The president’s first 100 nights

Klaus Iohannis has presented this week his balance sheet for 100 days in the presidential seat. As Romanians expected, the presidential style is a lot different from his predecessor. He abides the constitution by the letter, he is playing the part of mediator between institutions, refuses to get involved in petty politics, even in stimulating his former PNL to force toppling the current cabinet by ‘unorthodox’ means, support justice to the very end, blames parliament for its response to judiciary requests, supports Romania’s European and NATO path. In other words, as a whole, Mr. Iohannis seems to be what Romanians envisaged, a strong character and a trustworthy head of state.

And yet…

After ten years spent along Traian Basescu and his political attacks on the verge of constitutional prerogatives, the one who had filled thousands of pages in the media with themes made up often according to his own wishes, now it seems something is missing. Everything is too correct, too plain, too calm. We’ve seen Klaus Iohannis at the European Council, we’ve seen him to several celebrations, talking to important European and US officials. Yet, he is not the character to create themes, to bring to front the great issues of the nation.

Now he’s fallen in the trap set by its advisers to draw up a balance sheet in a petty politics style, reminding us of the efforts for euro-Atlantic commitments, of how justice needs to be supported, of his visit to NATO headquarters, of the messages he sent to Paris, Berlin, Warsaw and Kiev. Besides the visits, nothing is new under the sun. Justice should be supported, as should be the euro-Atlantic commitments and so on. It’s not Mr. Iohannis’s merit for most of these topics, although he may have contributed – by the simple fact that he is trustable, impressive and serious, and that he had been elected by the majority of Romanians.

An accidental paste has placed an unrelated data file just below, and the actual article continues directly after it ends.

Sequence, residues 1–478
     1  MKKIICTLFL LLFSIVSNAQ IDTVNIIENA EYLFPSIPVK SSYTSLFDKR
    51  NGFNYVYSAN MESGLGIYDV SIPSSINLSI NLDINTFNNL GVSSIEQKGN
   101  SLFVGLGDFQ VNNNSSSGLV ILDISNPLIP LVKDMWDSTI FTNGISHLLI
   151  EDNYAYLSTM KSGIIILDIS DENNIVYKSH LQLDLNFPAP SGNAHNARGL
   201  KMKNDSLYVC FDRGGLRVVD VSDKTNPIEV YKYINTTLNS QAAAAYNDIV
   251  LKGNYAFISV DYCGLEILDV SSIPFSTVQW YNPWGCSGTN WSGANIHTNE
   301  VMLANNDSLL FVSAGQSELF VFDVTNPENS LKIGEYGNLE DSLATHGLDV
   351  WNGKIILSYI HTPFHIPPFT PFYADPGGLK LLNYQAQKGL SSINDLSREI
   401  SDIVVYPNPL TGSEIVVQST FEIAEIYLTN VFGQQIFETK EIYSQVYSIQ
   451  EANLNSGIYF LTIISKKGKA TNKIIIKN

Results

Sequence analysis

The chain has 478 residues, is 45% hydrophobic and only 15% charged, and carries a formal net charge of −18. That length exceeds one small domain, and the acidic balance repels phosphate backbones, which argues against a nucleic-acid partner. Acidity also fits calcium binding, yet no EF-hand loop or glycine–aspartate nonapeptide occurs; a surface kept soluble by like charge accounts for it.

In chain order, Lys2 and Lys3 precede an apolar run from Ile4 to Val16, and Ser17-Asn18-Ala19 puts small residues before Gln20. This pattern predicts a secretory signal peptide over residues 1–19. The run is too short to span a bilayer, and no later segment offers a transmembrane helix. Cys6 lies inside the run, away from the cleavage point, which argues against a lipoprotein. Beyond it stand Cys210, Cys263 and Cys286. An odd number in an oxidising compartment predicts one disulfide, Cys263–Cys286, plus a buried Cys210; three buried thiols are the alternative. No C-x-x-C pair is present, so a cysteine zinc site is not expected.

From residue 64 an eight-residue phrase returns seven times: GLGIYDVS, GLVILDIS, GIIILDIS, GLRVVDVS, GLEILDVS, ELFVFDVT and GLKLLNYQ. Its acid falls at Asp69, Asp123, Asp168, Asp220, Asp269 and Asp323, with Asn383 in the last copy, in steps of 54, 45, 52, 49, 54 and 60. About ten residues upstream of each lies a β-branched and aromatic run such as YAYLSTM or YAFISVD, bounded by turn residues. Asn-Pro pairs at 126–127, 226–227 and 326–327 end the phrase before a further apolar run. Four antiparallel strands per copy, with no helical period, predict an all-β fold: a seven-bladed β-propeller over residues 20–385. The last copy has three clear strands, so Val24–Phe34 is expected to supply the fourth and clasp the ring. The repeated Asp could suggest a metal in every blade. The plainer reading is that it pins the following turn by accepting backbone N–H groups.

As long as he had been mayor of Sibiu, Mr. Iohannis was, more or less, a civil servant working for Romanians. Now, as president, he risks building himself a sovereign statute. Sooner or later this could lead to the arrogance we were used to during the Adrian Nastase governing term.

It’s not the 100 days I am worried about, it’s about the 100 nights. One hundred nights during which Mr. Iohannis had to sort it out how to wipe out the image of Traian Basescu from the public conscience and the former president’s long-time popularity among most Romanians. He also had to recall former president Emil Constantinescu’s end of mandate confession, as being defeated by the ‘system’ and sort out the means to avoid this happening again. The intelligence services may have been reformed, but something tells me there are still people and interests that transcend politics, intelligence and business. I guess Mr. Iohannis spent some nights thinking how not to disappoint Romanians. After 100 nights of presidency he has somehow gone astray from the Romanians’ great wishes expressed by the saying ‘we’ve taken our country back’. Back where?

This is not intended to be criticism. We definitely needed a different character in the presidential seat and Klaus Iohannis looks to be the right man to do it. However, the first 100 nights have revealed a dangerous aspect: Romanians may get bored. And distrustful when it comes to achievements – when they wait too long. The perspective of winning general elections for the centre-right wing parties by the end of 2016 is not at all to the liking of most. It’s what the current political power wants, to delay any political change until people get bored by the others, saying: they’re good for nothing. At least the current government has done this and that.’

So, if Mr. Iohannis will insist to present us (after 200 or 300 nights) his great achievements in terms of justice and institutional mediation, he may find out Romanians get bored quickly. So bored, that they wouldn’t know whom to vote for next time. He already seems a little bit cut-off from the hopes of the ordinary citizen.


Victor Lupu


Dumbrava Sibiului ForestEmil Constantinescugovernmentklaus iohannisnatopresidencypresidentSibiutraian basescu
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